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Turkey-Israel Relations Reassessed in the Wake of Flotilla Raid

  • David Dyar

For nearly two decades the alliance between Turkey and Israel has been a powerful partnership in the Middle East. But the crisis over the Israeli security killing of aid workers delivering humanitarian goods to Palestinians in the Gaza Strip this week, analysts say, could change relations between the two countries. Analysts are examining whether Turkey might be on the verge of a major shift of alliances.

Turkish Prime Minister Recep Tayyip Erdogan accusing Israel of committing a bloody massacre on the high seas.

The sharp rhetoric stems from Monday's Israeli raid of an aid convoy headed for Gaza in defiance of an Israeli blockade.

Israeli commandos boarded a Turkish vessel leading the international convoy. During the raid, nine aid workers were killed.

Turkish leaders say relations with Israel have been badly damaged and the prime minister says Israel is on the verge of losing its "best friend" in the region.

Political analyst Nuray Mert of Istanbul University says Turkey's tough words will not go over well in the Middle East. "In terms of leadership, they will feel resentful, of course, because, after all, in the eyes of Arab public opinion, they are collaborators. And Turkey is the one who is advocating the rights of Palestine. Arab leaders, they never actually want each other, let alone Turkey, to play this game," Mert said.

Mert says Mr. Erdogan is heaping further embarrassment on Egypt by pressing the international community to end the embargo against Gaza. Egypt, along with Israel, enforces the embargo. Observers say Cairo's secular leadership is deeply suspicious of the pro-Islamic Hamas leadership in Gaza. But analysts say Turkey's government has no such concerns. It won praise among large sections of Arab public opinion by inviting one of the leaders of Hamas, Khaled Meshaal, for talks in Ankara in 2006 after his party's victory in Gaza elections.

Turkish government adviser Gokhan Cetinsayar says that until now, Turks have been viewed with suspicion by many Arabs because the Middle East was once part of the Ottoman Empire. "In classical Arab nationalist discourse, Turkey is a negative actor in the region; [it] is the old imperialist power for Arab nationalists. But new regional circumstances, new regional balances, allow Turkey to play such a role," he said.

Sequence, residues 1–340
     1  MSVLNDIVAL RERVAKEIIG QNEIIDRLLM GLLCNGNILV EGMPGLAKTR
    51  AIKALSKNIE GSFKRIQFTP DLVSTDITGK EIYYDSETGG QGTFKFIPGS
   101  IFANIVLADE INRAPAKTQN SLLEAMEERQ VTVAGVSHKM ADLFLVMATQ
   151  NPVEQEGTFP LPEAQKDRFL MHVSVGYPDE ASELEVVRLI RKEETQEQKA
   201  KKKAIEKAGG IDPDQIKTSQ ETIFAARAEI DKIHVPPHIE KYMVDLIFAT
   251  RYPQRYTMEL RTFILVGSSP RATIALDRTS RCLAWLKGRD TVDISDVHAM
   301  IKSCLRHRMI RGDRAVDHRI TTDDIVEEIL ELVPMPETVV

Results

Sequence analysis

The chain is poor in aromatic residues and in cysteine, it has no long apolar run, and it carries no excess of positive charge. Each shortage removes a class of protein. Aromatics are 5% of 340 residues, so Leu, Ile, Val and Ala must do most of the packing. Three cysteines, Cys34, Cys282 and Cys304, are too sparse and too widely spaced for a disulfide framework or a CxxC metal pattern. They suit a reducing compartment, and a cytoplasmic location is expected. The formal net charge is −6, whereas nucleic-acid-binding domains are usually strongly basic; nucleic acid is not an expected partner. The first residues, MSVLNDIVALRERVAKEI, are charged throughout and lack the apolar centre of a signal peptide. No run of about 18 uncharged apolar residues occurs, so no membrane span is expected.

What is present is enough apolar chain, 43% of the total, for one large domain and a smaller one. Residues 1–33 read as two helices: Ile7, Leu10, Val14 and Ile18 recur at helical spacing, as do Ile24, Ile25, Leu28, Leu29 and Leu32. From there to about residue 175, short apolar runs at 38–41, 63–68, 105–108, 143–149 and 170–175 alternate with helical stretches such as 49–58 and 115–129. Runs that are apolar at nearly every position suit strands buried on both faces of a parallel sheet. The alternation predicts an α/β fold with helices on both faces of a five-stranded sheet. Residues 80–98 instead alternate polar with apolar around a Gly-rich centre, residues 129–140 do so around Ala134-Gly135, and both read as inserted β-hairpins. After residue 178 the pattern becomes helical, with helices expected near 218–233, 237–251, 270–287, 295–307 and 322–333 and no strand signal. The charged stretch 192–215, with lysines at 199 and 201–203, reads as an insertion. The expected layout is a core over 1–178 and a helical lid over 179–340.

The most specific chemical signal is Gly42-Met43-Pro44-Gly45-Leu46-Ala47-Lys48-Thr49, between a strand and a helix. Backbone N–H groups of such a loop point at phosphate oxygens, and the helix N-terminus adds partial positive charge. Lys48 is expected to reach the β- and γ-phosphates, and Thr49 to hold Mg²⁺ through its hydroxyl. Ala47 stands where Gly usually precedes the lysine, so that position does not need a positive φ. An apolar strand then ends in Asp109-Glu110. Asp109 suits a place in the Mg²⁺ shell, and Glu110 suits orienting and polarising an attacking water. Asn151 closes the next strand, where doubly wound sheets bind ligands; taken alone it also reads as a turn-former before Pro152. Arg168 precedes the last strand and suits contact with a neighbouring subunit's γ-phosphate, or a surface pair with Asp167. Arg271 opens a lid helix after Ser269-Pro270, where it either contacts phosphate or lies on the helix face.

Analysts say the Turkish prime minister appears to be trying to place himself in a role as a Middle East leader. But, they say, this role appears to come at the cost of Turkey's relationship with Israel.

For nearly two decades, Turkey has built a strategic political and military alliance with Israel. And in recent years, it has played a mediating role between Israel and other Middle East countries like Syria.

But analyst Cengiz Aktar of Bahcesehir University says the present crisis has changed that. "Probably the worst casualty will [be] this -- peace and mediation efforts of Turkey, involving directly and indirectly Israel. I think these peace and mediation efforts are dead forever. And now, Turkey will appear 100 percent next to the Palestinians cause," he said.

Eight of the nine killed during the Israeli flotilla raid were Turks, which is increasing public pressure on Turkey's leaders to sever ties with Israel. President Abdullah Gul has warned that relations will never be the same again. And the Turkish parliament has called for a review of bilateral relations.

But Turkish political columnist Soli Ozel says Prime Minister Erdogan might be trying to avoid damaging long-term relations with Israel. "I was interested in seeing that the prime minister was insisting that it was the current government that was unworkable and making the distinction between Israel the state and Israel the government, and especially this government. And so this leaves the door open, if the government changes. Obviously, there will be room for amelioration in relations," he said.

Analysts say Mr. Erdogan's advocating the Palestinian cause and aligning himself more with Arab leaders will play well with his party's grassroots supporters. But they say the prime minister also knows that, in the long run, maintaining ties with Israel gives it a unique voice in Jerusalem as well as Washington -- something, analysts say, Mr. Erdogan might be reluctant to give up.